The gift which most strikingly marks off Mr. Wells from virtually all of his contemporaries is the gift of an imagination which, so far from being benumbed, is immensely and incessantly stimulated by the general catastrophe. Before all else he is the historian of contemporary change. The weekly paper is not more up to date than a Wells novel. And yet, for all his swift and sensitive observation and response, he has not, in either essay or romance, come near to seeing the war as it affects the multitude. Mr. Britling's experience begins and ends with the comfortable classes; indeed, with that small portion of those classes which dwells in the country house, contributes its sons to the public service, and makes up its opinions amid the gossip of the club and the afternoon tea-party. The Wells of Kipps and Lewlshom and Mr. Polly would have interpreted it all from a startlingly different angle; but it is not an accident that before the war the creator of Kipps had devised a new Machiavelli and learned to set his magnificent researchers to work among the governing classes and our old nobility.

In his latest phase Mr. Wells has interested his public by uttering his mind upon two momentous themes. He has declared against monarchy in the affairs of this world, while proclaiming his faith in God the Invisible King. In both directions he was anticipated by Bernard Shaw, who for some years in advance of his startling discoveries in the life and teaching of the Founder of Christianity, had been coupling attacks upon the idolatry of kingship with the declaration of a mystical faith in a Power which he no longer hesitates to call God. This confession of religion, in point of fact, is not surprising in either prophet. Shaw was a preacher of religion long before the days of "John Bull's Other Island;" the religious evolution of Wells could easily have been predicted from "A Modern Utopia" or "The Days of the Comet." Each would seem to have heard of Plato for the first time on the threshold of elderhood; each stands in fascinated wonderment before commonplaces of the faith familiar to every churchgoer, and the curious in such matters may be tempted to make rather more than they should of the circumstance that both alike found something to attract them in the tenuous theism of Rabindranath Tagore. However that may be, the religion of the English intellectuals is another subject, and a decidedly fascinating one.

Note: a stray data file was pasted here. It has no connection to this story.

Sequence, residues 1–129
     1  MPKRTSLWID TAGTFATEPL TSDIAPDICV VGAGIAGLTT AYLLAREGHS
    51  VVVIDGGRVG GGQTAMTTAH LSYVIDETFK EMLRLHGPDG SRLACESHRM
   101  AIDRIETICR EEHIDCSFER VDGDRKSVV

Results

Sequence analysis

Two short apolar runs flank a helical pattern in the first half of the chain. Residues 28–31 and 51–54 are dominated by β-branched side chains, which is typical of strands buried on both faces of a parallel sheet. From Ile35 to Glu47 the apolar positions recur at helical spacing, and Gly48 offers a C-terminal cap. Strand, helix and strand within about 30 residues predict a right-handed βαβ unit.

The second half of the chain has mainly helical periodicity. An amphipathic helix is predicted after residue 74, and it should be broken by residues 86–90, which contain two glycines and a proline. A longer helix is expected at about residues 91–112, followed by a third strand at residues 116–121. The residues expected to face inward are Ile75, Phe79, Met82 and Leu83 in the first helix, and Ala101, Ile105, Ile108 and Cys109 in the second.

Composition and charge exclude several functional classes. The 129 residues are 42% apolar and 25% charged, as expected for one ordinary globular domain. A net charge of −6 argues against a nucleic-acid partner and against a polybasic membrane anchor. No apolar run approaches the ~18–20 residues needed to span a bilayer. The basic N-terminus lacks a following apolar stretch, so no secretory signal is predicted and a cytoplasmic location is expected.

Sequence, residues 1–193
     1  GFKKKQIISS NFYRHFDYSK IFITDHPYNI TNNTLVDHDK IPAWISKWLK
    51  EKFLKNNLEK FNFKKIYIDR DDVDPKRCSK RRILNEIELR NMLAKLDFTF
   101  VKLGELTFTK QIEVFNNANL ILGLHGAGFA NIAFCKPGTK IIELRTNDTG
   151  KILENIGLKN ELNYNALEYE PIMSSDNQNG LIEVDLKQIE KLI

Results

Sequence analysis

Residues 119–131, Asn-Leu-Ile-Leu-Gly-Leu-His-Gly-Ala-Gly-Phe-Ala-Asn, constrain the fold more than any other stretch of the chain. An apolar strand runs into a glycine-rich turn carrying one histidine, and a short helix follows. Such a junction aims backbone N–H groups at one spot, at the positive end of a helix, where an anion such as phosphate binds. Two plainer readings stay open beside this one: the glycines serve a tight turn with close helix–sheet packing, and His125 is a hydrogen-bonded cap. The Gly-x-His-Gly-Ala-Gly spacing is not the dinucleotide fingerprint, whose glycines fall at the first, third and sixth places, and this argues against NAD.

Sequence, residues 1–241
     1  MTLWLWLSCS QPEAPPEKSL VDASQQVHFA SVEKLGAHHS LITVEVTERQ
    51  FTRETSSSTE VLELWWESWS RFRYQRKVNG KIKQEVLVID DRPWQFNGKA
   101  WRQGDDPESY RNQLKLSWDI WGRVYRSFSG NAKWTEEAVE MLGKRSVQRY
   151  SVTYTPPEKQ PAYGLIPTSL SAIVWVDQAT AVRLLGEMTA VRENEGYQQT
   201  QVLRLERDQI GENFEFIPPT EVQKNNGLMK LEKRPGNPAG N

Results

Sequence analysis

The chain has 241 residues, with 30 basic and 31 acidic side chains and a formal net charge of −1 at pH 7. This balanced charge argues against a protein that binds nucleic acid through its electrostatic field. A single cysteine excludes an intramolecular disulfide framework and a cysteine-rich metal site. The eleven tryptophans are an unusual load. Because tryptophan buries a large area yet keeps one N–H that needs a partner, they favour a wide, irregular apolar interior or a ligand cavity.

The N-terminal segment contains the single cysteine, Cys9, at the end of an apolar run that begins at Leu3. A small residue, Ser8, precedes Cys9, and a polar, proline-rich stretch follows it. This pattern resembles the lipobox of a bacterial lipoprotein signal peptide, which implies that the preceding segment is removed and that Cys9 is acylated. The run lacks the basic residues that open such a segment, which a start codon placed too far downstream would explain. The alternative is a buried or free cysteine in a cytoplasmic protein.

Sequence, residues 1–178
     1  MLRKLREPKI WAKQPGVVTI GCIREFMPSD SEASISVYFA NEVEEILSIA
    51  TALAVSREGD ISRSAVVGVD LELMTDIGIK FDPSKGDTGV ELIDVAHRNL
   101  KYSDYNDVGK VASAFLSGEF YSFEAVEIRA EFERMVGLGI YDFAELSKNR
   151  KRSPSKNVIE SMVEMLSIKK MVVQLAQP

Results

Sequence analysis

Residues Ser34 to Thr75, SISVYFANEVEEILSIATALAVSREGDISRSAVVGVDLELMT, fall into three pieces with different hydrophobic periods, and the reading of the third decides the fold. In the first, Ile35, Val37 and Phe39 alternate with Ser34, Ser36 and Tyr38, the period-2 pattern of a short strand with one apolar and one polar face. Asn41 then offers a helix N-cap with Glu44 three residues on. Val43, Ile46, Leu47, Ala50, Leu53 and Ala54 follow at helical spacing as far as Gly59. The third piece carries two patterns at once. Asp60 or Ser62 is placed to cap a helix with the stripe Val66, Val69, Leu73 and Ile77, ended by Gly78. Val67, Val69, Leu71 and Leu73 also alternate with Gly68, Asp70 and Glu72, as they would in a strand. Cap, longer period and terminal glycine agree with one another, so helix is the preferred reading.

I close this paper upon a question which we are all, in our several ways, asking today: what is the war likely to do to the men of letters, and more especially to those who, since the disappearance of the great writer in his character of major prophet, had in ante-bellum days combined the functions of journalist and interpreter, if not also of novelist and poet? One thing seems certain: this immeasurable upheaval involves so intense a concentration of energy that while it lasts we cannot expect any great overflow of literary production; nor of course can we, amid the vast and pitiful sacrifice of youth, look for the emergence of new genius in any of the warring countries. The end, in all likelihood, will release a flow of imaginative creation, and we may well expect a revolution in form no less, than a revelation of fresh and startling ideas and experience. The young writers of to-morrow will be provided in overflowing abundance with subjects more compelling than any which have been available in the breakup of the medieval world, and we may be quite sure they will make and follow their own roads. To them may be given an authority greater than that enjoyed by even the most fortunate of their predecessors.

But who can tell? It is conceivable that the world after the war may agree in a profound and largely unreasoning skepticism as to the value of the intellectual in society. If so, few people will have the hardihood to deny that there is embodied, in the history of the overturn and its antecedents, an impressive array of, evidence capable of being used to sustain any condemnation to which the world may set its seal.

© J. Fred MacDonald, 2013